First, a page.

The Moving Company prepares for the Future

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Dominique Serrand, Steve Epp (left)and Nathan Keepers are throwing a party this weekend. The founders of the Moving Company say the idea is to have some fun, but also get a little serious about what they are doing.

“To just talk about the work, and the future,” said Serrand. “We call it ‘Footprint.’ And to talk about the past and how we will manage the work in the future.”

The trio rose from the rubble of Theater de la Jeune Lune, the much celebrated company which collapsed in 2008 under the weight of accumulated debt as the economy tanked. Now Serrand says they are working on creating a three part model for a national company.

“It’s a partnership with universities in terms of creating the work,” he said of the first part. So far they have developed pieces at UC Davis, and more recently at the U of M, where “The War Within” was developed as a student production. Projects at UNC and the University of Iowa are now in the works.

“It’s great because we get commissioned, so it is not a burden on the company,” Serrand said.”Not only are we developing the work when we get there, but we are teaching. And we are scouting the landscape and see new and young artists with whom we want to work in the future. So it’s all benefit.”

The second element in the Moving Company Grand Plan is to then develop the work for professional theater.

“The next part, which I guess is the most difficult, is once tjhe work has been researched through this collaboration is to bring the work up on its feet here in Minneapolis, which requires investment,” says Serrand.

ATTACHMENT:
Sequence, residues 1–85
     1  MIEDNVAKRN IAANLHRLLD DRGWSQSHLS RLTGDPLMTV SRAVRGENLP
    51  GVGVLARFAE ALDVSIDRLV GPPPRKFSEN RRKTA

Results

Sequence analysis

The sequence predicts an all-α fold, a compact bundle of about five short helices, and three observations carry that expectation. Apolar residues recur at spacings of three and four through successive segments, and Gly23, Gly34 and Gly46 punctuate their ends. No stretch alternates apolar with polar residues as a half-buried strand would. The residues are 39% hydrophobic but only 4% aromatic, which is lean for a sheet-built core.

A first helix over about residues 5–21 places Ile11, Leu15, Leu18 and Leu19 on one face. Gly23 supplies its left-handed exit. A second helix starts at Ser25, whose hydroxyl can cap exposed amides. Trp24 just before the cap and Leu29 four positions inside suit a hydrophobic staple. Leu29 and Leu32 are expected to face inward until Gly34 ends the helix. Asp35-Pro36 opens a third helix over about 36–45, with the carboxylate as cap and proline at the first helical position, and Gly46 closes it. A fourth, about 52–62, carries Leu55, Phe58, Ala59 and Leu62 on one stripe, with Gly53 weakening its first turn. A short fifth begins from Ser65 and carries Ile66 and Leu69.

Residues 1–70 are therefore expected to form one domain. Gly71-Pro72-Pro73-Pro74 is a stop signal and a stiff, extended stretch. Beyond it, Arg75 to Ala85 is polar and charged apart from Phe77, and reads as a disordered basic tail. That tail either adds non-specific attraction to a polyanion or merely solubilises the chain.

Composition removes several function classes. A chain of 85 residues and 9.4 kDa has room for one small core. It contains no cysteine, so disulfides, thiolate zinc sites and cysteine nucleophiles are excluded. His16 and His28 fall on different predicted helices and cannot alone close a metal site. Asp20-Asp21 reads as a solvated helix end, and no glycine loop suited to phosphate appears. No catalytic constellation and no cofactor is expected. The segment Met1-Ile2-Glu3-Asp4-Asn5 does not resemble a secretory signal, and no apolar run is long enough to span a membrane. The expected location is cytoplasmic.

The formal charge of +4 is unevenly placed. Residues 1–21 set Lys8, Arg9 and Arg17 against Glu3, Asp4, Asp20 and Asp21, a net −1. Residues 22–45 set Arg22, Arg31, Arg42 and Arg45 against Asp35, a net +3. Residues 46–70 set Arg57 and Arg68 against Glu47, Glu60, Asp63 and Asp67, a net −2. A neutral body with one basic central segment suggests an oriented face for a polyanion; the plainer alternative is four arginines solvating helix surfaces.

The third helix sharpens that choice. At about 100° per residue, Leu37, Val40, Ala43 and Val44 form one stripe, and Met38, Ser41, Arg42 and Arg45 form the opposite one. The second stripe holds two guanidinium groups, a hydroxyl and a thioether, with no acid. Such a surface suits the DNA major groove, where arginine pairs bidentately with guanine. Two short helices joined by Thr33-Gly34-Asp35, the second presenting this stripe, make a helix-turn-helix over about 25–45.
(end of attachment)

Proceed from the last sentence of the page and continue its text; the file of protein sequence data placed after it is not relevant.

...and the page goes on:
That happened with “The War Within” which received a professional production a few months after its run at the U of M.

Finally the Moving Company wants to place their shows in other parts of the country.

“The last part, which is to get picked up, takes time,” says Serrand. He says companies are planning a year and a half in advance.

At the gathering this weekend they hope to spread the word to supporters. Serrand is working on a video, and they are even hoping to raise a little money.

It’s not an easy time to be doing this. This week Penumbra Theater announced it laid off staff and cancelled all its shows for the season.

“I have been there so I know how it goes,” said Serrand. “When I looked at the article in the paper I went ‘Oh no! Not again!”

However he says he thinks Penumbra is very smart to hold on.

He says there are always doubts when you try something.

“You never know if it will succeed. But to quote the big man last night,” he said referring to the convention speech by President Obama,” I would say, these kinds of efforts that we are doing, that we are making on our own, give us all hope. And so we need to pursue what we are doing and hopefully things will get better.”

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